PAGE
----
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Agricultural News


USDA Offices Studying the Possibility of a Future Without the Ogallala Aquifer

Mon, 15 Jul 2019 11:52:42 CDT

USDA Offices Studying the Possibility of a Future Without the Ogallala Aquifer With the Ogallala Aquifer being an invaluable resource for communities throughout the eight states it lies, studies to keep the water levels steady are continuing in the South Plains in the hopes of delivering more tools and technology to help with conservation in agriculture.



The U.S. Department of Agriculture office in Lubbock studies several different possibilities in their research regarding the aquifer, including the idea that the aquifer may not be able to be used in the future. A big focus of the Lubbock USDA’s research is gear towards what the best farming practices can be with only rainfall, as they try to get away from using the Ogallala Aquifer.



“We have storms where you get a lot of rain that comes very quickly,” said Robert Lascano, research leader at the Lubbock USDA. “The soil doesn’t have the physical properties to absorb that so a lot of it runs off. So we look at ways we can take that water from the rainfall and try to store as much as we can, and minimize the amount of runoff.”



One way to do that is by having more dryland than irrigated acres. Lascano points to Martin County as an example for how farmers can work with dryland, and in Lubbock County there are currently a 60 percent irrigated land and 40 percent dryland. This way would also be useful when the quality of water in the aquifer changes due to the salt levels.



“We have hard water, and as the water level goes down, the concentration of salts are in less volume of water so the concentration goes up as we deplete the aquifer,” said Lascano. “What happens to the remaining water and how is that going to affect the crop? Cotton has a high tolerance for the sale but others do not.”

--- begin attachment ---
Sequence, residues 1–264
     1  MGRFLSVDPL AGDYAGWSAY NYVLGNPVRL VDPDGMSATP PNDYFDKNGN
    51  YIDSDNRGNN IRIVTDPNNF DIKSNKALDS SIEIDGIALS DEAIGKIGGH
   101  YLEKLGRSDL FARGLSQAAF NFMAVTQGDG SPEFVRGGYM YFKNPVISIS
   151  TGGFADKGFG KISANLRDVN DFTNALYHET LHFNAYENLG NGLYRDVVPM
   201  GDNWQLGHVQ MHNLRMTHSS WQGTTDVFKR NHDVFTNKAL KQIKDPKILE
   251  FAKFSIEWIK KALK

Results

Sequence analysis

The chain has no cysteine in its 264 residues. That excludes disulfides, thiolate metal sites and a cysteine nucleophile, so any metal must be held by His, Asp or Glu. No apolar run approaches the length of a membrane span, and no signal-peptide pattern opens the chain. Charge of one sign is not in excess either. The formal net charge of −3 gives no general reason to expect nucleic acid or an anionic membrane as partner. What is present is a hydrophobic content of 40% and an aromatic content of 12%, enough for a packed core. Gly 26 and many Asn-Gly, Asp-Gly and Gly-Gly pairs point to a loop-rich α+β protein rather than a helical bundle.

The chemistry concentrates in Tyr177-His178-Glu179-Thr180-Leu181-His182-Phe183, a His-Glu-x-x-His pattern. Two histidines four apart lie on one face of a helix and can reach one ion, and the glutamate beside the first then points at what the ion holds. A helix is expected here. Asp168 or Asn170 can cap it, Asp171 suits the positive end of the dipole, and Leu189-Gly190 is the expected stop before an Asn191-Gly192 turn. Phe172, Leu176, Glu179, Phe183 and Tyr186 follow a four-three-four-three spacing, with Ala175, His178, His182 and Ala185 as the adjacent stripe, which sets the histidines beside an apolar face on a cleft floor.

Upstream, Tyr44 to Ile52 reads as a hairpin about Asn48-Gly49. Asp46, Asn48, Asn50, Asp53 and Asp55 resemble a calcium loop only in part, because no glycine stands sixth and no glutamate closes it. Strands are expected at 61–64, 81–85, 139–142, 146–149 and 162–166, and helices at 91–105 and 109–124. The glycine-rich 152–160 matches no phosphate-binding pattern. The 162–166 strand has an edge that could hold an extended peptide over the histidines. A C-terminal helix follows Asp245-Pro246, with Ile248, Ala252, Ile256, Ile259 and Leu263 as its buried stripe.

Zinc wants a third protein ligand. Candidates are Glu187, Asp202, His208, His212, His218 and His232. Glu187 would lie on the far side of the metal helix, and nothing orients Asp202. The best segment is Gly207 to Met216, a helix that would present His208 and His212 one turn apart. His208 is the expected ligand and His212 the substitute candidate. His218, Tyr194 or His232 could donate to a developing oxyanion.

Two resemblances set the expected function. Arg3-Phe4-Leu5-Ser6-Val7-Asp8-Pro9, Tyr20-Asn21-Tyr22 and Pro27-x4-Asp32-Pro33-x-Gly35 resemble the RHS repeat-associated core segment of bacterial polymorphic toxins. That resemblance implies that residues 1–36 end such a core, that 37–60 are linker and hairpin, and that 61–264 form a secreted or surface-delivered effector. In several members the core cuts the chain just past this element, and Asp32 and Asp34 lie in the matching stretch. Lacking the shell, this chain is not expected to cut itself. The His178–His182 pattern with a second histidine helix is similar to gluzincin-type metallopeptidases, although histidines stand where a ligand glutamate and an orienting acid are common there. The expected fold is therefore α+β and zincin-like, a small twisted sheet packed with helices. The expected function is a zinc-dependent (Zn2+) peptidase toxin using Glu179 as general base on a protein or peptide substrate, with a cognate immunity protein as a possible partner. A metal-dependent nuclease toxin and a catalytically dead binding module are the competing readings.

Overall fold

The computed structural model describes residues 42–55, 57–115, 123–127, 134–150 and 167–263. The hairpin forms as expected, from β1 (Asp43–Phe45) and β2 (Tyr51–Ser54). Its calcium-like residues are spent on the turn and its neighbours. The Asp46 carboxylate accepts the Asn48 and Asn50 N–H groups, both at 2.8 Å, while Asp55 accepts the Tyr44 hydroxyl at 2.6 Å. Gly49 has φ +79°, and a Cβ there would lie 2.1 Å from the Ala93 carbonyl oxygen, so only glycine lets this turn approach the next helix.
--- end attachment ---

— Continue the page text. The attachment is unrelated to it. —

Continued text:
Technology is also a big resource in the agriculture community, as Lascano explained there are tools to show when the best time to plant is, what the soil temperature is, and how much fertilizer and pesticides are needed. The cotton crop itself might be another solution, if producers are able to try crop rotation with grain sorghum, which is drought-tolerant.



“For many years, it’s been cotton after cotton after cotton,” said Lascano. “Now, people are realizing that now maybe isn’t the best farming practice, and the best practice might be rotating grain sorghum with cotton. But what drives all this is economics and it’s a high-risk environment - so we can have all these decisions based on good science, but it doesn’t necessarily mean there’s a profitability for producers.”



Steve Evett, Research Soil Scientist for the USDA in Bushland, said they have changed several practices while researching ways to cut down on the aquifer’s use including switching impact sprinklers on center pivot pipes to using drops, low pressure applicators, and now low-elevation spray application. Now, the focus is on irrigation management.



“Right now the point of attack is better center pivot irrigation management and better technology,” said Evett. “You can fine tune where in the field you can put water and in different zones on the field. The problem with that technology at this time is the management because we have the equipment to apply water at variable levels in the fields, but we haven’t until recently had the ability to have a system that allows the farmer to know where.”



Cattle are also at risk for the effects of a depleting aquifer, as they are unlikely to drink water that is too salty. John Stout, physical scientist at the Lubbock USDA, is monitoring water in local springs and rain water that has run off into lakes. This year, Stout’s team detected water that wasn’t too salty for cattle after a significant rain event.



“There’s a point where the cattle will not drink water if it gets too salty,” said Stout. “The aquifer here is pretty good water, but as you get off the Caprock and into the Rolling Plains, the groundwater becomes very salty so they can’t even use the water.”



Research is also being done that studies different isotopic signatures. Tim Goebel, research scientist, says this will help to show how deep rain was able to infiltrate the soil compared to water that was in the soil previously, and then see how different irrigation methods or crop rotation helps.



All the tools are available to farmers in West Texas as the USDA continues to develop them, and Lascano says they are always working on more ways to help.



“The things we can do now in agriculture are unbelievable and they’re being used,” said Lascano. “These farmers are savvy, and they know and want these tools.”



Source - AGN Media



   

 

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